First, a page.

Green laser is aimed at display uses

Based on its semiconductor laser technology, BrightLase, QPC Lasers (Sylmar, CA) has demonstrated a green laser targeted at potential display applications including mobile-phone projectors, rear-projection televisions, and cockpit displays, all of which require high-speed direct modulation, low power consumption, and low cost in high-volume production.

Nov 1st, 2007

Based on its semiconductor laser technology, BrightLase, QPC Lasers (Sylmar, CA) has demonstrated a green laser targeted at potential display applications including mobile-phone projectors, rear-projection televisions, and cockpit displays, all of which require high-speed direct modulation, low power consumption, and low cost in high-volume production. This green laser design can be adapted to generate other visible colors such as red and blue, according to the company.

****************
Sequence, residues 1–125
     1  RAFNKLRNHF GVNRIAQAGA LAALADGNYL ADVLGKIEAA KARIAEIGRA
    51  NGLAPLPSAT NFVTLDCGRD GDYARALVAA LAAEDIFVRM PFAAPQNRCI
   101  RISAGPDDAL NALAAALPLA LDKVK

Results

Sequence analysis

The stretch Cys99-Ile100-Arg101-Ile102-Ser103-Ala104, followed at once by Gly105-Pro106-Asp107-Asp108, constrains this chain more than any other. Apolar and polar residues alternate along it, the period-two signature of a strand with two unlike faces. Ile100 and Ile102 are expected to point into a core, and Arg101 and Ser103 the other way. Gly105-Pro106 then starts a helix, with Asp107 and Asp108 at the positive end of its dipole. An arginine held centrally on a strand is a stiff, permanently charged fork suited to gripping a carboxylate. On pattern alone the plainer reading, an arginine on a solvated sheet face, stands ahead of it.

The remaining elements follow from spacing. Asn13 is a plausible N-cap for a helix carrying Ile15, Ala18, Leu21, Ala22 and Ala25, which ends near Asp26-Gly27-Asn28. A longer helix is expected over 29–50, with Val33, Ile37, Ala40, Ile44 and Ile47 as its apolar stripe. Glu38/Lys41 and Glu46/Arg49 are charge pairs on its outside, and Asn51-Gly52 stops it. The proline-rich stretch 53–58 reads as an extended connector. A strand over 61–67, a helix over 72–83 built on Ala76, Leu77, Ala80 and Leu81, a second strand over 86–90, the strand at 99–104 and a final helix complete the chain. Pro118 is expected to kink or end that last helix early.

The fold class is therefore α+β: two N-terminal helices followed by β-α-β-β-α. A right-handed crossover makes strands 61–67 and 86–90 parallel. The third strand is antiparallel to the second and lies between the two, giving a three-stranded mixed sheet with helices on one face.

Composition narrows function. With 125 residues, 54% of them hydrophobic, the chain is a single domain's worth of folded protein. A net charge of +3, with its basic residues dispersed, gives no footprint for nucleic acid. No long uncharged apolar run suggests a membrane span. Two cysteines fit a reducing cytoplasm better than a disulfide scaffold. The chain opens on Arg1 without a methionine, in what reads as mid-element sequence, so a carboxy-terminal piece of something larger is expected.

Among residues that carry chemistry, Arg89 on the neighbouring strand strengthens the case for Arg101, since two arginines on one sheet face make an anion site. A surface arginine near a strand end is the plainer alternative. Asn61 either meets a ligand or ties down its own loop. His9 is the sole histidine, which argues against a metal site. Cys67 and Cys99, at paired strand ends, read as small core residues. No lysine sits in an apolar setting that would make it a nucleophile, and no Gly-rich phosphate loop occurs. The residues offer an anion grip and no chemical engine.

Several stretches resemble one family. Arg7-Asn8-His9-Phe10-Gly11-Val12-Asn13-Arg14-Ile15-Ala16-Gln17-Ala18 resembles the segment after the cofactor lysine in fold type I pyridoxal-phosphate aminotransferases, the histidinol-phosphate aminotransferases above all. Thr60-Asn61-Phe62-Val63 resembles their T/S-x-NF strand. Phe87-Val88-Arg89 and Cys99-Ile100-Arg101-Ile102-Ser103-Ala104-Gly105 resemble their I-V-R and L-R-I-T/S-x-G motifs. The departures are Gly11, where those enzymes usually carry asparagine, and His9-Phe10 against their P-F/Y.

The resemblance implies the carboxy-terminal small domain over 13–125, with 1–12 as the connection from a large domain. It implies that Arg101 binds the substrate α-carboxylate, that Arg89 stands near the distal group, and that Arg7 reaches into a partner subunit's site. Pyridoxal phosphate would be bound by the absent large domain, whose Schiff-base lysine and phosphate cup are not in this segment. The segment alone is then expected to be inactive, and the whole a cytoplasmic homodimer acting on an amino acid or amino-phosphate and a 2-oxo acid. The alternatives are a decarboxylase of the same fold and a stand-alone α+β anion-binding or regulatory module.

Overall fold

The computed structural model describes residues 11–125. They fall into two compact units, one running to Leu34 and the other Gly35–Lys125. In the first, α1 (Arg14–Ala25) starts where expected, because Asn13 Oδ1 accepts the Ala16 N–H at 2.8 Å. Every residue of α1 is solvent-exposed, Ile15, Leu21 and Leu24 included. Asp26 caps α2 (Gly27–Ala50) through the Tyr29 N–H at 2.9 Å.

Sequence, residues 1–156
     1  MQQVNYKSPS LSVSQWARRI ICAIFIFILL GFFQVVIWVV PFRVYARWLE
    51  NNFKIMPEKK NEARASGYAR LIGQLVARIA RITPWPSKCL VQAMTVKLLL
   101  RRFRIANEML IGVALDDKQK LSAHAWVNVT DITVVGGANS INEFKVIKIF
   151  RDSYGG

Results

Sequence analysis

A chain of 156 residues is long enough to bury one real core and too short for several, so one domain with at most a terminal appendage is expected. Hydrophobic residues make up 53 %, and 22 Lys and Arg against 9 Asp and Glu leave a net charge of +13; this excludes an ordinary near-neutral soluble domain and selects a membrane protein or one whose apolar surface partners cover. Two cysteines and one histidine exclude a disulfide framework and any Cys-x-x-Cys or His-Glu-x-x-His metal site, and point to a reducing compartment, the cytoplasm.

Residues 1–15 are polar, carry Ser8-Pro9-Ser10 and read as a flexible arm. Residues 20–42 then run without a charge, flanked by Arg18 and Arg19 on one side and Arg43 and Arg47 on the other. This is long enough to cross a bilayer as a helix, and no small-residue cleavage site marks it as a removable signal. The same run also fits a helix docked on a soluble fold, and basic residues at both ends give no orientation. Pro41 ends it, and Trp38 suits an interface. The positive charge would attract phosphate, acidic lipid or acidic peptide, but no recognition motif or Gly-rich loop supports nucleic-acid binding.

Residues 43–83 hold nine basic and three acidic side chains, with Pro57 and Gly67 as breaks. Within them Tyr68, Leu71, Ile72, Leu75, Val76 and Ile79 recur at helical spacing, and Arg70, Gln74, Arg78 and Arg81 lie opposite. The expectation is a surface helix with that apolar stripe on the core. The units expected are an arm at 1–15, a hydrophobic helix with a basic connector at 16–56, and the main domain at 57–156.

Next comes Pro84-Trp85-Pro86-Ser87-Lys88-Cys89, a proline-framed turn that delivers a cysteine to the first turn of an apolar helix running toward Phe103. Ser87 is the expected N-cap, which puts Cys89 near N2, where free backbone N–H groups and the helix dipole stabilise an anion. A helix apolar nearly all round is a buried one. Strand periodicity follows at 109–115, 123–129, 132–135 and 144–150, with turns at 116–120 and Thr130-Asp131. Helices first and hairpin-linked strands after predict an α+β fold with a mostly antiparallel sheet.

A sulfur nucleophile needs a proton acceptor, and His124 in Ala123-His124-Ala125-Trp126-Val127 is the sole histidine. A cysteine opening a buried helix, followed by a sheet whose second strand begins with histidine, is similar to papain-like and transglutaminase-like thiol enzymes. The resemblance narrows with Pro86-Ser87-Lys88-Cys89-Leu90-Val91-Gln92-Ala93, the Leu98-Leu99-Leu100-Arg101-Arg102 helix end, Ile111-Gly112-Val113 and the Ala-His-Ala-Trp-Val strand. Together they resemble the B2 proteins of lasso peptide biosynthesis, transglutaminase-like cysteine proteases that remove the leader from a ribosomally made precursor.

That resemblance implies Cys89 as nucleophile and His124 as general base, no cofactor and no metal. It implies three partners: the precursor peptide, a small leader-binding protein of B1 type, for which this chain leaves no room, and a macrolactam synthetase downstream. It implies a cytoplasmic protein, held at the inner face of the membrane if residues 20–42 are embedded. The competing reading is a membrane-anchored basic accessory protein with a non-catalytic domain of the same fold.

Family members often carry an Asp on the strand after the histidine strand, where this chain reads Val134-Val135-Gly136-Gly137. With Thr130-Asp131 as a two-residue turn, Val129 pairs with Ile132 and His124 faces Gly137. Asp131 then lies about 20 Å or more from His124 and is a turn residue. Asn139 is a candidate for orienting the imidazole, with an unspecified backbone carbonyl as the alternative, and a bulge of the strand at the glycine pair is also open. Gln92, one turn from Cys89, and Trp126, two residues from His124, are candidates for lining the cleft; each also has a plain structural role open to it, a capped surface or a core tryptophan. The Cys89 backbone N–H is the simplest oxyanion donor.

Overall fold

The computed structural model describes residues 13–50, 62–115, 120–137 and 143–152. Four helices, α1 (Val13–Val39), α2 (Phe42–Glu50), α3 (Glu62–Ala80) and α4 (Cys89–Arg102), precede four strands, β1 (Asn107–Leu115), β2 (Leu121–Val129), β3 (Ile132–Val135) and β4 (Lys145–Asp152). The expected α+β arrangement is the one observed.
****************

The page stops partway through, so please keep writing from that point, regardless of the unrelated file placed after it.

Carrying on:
The green laser is based on frequency doubling the output of the high-power BrightLase 1064 nm single-mode device (which has an 8 W power output) using a periodically poled lithium niobate frequency-doubling crystal. BrightLase is a 1064 nm single-mode two-section oscillator-amplifier device consisting of a narrow waveguide section and a tapered gain section. The beam in the narrow waveguide distributed-feedback section is laterally confined by a single-mode waveguide that produces a stable single-frequency beam. The buried-heterostructure single-mode waveguide acts as a mode filter. This beam is fed into the tapered gain section, where the beam is amplified as it freely diffracts. Contact Paul Rudy at prudy@qpclasers.com.

More in Lasers & Sources